The Oil Glut: It’s Groundhog Day . . . Again

In the movie Groundhog Day, weatherman Bill Murray relives the same day again and again until he gets the weather forecast (a blizzard) right.oil.barrels.oil.industry
The oil market is trapped in its own sort of time warp. It is in rally mode (again) as sweet talk of coordinated action to re-balance the oil market resurfaces.

Ignore the Saudi Nonsense

The U.S. momo (momentum) hedge funds were once again very excited that this talk was coming from Saudi Arabia’s oil minister, Khalid al-Falih. Of course, it is mere “coincidence” that this soothing talk occurred just as the oil price was once again threatening to breach the $40 a barrel level thanks to rotten fundamentals.
And once again, as in Groundhog Day, the same pattern repeated and the hedgies were falling all over themselves buying oil futures. Hedge funds increased their bullish bets by the largest amount in over two months in the week ended Aug. 9.
I can’t believe these guys actually run other peoples’ money. They seem to have forgotten that the Saudi oil minister has little say in the country’s oil policy, which is run by Deputy Crown Prince Mohammad bin Salman.
Mohammad bin Salman personally squashed the “freeze” talk last time. And, he very plainly told everyone that cared to listen that the Saudis were going to raise their output over the next few years by about 1-2 million barrels a day.
The Saudis’ actions speak even louder than the prince’s words. Since 2014, the number of oil rigs in the country has jumped from 58 to 67. And that number has nearly doubled since 2010. Last year’s number of rigs was at least a 20-year high for the Saudis.
So it should not come as a surprise to anyone that Saudi oil production hit a record high in July to 10.67 million barrels per day.
And more increases are on the way. Anyone who thinks the Saudis’ rig count  ̶  at a 20-year high ̶  means nothing in the longer term deserves to lose money.

Oil’s Fundamentals Still Stink

Earlier, I mentioned that oil’s fundamentals are rotten . . . and they are. The oil market is not close to re-balancing, despite the happy talk.
Besides the Saudis at record output levels, the same is also true for Russia and Iraq. And Iran has ramped up its exports faster than anyone thought possible.
Here in the U.S., oil prices in the 40s has caused many shale companies to say they are completing their DUCs (drilled but uncompleted wells).
These companies include the likes of Continental Resources (NYSE: CLR), EOG Resources (NYSE: EOG), Oasis Petroleum (NYSE: OAS) and BHP Billiton (NYSE: BHP). A number of other companies including Whiting Petroleum (NYSE: WLL) have said they are also nearing a decision about their DUCs.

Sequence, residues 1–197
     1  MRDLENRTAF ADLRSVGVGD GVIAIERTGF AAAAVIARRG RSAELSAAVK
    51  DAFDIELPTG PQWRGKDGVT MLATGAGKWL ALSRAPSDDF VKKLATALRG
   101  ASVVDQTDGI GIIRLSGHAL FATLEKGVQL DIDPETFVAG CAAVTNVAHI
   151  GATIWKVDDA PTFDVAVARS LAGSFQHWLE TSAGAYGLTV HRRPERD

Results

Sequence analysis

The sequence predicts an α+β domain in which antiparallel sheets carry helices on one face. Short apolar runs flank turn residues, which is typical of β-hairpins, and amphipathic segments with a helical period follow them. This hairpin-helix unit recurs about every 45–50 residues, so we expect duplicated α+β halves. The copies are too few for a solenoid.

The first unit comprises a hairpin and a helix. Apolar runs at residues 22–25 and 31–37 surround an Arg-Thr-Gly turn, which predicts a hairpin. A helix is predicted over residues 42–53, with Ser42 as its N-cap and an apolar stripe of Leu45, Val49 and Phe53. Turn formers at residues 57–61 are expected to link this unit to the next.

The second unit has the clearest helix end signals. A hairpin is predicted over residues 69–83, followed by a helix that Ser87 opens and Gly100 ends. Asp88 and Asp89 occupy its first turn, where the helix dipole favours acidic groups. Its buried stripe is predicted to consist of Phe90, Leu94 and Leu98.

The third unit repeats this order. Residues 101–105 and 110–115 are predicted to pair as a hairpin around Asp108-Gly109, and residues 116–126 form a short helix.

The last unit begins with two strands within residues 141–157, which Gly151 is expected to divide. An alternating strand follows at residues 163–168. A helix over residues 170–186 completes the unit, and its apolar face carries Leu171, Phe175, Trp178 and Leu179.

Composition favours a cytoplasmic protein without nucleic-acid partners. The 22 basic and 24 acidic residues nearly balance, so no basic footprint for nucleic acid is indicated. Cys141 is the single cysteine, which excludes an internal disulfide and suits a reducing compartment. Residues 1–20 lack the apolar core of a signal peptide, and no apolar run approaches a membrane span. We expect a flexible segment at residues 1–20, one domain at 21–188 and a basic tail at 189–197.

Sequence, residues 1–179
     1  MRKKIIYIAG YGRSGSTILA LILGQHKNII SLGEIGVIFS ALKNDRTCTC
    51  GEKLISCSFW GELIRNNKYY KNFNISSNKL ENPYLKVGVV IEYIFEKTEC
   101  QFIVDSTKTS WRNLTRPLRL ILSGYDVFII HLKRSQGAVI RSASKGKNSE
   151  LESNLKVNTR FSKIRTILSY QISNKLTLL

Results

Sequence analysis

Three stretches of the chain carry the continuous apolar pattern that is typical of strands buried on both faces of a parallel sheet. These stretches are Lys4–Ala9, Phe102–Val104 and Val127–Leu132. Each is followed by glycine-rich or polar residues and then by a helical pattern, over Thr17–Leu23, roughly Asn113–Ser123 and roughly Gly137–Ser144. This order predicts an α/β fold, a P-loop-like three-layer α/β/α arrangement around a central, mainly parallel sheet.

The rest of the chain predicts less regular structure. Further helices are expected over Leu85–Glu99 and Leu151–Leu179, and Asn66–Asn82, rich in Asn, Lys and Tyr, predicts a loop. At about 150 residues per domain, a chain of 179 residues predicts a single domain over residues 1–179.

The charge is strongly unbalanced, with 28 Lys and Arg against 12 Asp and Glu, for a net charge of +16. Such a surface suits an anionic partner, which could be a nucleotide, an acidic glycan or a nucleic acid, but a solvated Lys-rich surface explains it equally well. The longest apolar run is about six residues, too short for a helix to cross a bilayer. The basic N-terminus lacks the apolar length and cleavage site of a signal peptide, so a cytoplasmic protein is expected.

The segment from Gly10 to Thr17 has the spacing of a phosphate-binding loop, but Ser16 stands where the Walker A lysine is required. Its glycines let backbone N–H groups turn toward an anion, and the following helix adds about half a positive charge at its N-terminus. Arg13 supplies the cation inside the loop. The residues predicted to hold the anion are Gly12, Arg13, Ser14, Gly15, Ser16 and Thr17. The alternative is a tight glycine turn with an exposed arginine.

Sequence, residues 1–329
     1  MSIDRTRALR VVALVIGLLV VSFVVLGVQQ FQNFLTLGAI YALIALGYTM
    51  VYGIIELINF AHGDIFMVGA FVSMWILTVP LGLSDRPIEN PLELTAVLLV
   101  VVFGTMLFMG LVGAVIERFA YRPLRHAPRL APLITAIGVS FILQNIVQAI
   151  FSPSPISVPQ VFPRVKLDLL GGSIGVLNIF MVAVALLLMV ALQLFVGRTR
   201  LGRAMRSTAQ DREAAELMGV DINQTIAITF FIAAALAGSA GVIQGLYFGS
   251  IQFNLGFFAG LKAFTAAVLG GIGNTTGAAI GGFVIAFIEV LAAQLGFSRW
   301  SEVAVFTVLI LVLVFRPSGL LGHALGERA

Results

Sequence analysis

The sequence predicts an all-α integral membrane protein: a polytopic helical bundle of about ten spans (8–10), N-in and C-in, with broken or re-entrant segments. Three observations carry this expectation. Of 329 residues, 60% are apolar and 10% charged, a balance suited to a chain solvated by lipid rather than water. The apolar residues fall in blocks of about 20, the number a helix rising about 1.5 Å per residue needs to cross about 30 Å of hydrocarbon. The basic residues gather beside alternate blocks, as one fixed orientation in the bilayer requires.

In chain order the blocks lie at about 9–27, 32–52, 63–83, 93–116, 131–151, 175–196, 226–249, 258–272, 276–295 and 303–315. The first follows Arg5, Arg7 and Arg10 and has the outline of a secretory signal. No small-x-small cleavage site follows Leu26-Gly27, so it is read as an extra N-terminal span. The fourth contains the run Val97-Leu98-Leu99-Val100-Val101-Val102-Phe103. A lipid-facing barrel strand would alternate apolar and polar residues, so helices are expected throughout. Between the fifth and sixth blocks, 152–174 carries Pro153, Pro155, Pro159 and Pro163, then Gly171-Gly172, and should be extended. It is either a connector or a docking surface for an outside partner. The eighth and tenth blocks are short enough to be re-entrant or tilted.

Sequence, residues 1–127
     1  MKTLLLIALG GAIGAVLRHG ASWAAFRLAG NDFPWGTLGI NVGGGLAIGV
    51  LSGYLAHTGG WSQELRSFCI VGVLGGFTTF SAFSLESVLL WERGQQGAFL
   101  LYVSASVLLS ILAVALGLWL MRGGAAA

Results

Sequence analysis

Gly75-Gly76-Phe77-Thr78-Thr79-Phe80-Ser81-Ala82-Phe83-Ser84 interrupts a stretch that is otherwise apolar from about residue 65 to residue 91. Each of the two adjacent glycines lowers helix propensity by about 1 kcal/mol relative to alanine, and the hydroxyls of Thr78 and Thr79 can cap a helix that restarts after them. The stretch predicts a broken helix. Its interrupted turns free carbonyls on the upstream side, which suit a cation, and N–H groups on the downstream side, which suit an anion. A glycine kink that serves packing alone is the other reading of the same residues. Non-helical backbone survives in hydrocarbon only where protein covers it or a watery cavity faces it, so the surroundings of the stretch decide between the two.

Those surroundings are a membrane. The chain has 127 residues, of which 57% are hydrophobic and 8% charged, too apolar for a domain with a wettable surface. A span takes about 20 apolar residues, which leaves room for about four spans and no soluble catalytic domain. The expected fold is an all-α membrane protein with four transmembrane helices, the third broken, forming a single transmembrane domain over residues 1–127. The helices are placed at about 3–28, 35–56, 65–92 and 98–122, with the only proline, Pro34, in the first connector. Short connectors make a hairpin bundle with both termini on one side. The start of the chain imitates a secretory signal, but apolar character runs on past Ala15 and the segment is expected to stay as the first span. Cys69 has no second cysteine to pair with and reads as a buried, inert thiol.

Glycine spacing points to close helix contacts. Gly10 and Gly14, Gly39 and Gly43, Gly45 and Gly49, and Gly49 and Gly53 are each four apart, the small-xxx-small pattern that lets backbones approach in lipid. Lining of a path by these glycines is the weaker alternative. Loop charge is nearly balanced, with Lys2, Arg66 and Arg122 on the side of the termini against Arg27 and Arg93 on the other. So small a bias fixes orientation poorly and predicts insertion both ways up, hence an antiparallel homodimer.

Now let’s turn to the inventories.
The two-year old oil glut has turned into a huge glut of gasoline and diesel that is overwhelming demand (despite demand’s rise).
The International Energy Agency (IEA) said that the pace of refinery run rate increases was 60% higher than the growth in refined fuel demand.
Not surprising then that U.S. gasoline inventories are just off all-time highs and are 5% above the five-year seasonal average.
The same is true in Europe and Asia, too.
Gasoline inventories in independent storage near the Rotterdam hub are up more 17% from just a year ago and sit near a record at 1.16 million metric tons. Diesel in inventory in Germany – Europe’s biggest diesel market – is at a seven-year high.
The United Kingdom has become the current center of the global oil glut with as much as 14 million barrels of North Sea oil sitting in supertankers off its coast.
In Asia’s regional hub, Singapore, refined product inventories are also very near all-time highs. And again there are an incredible number of ships offshore loaded to the brim with more product. The oil glut in Asia is unlikely to disappear soon with China exporting record amounts of refined products.

Oil Glut Not Easing Yet

Notice how many times I’ve written the words “record” and “all-time highs” in this article.
The oil glut has not disappeared; it has merely spread to refined products. And with inventories at these elevated levels, the market is at a minimum a year or more away from re-balancing.
Just look at what the world’s smartest oil hedger – Mexico – is doing. It is hedging its 2017 oil output.
Mexico made a record amount last year  ̶  $6.4 billion – on its oil hedges.
It understands what Saudi Arabia and other OPEC members are doing. Once again, they’re spreading the manure about doing something about the over-production. But, as usual, they intend to do nothing.
They are simply trying to put an artificial price floor under oil. This will allow them to laugh all the way to the bank as they sell more oil than ever before at a higher price than fundamentals would dictate. All thanks to the momentum-chasing U.S. hedge funds.
But don’t be fooled. This isn’t a movie. Oil ETFs such as the United States Oil Fund (NYSEArca: USO) are still lousy long-term investments.

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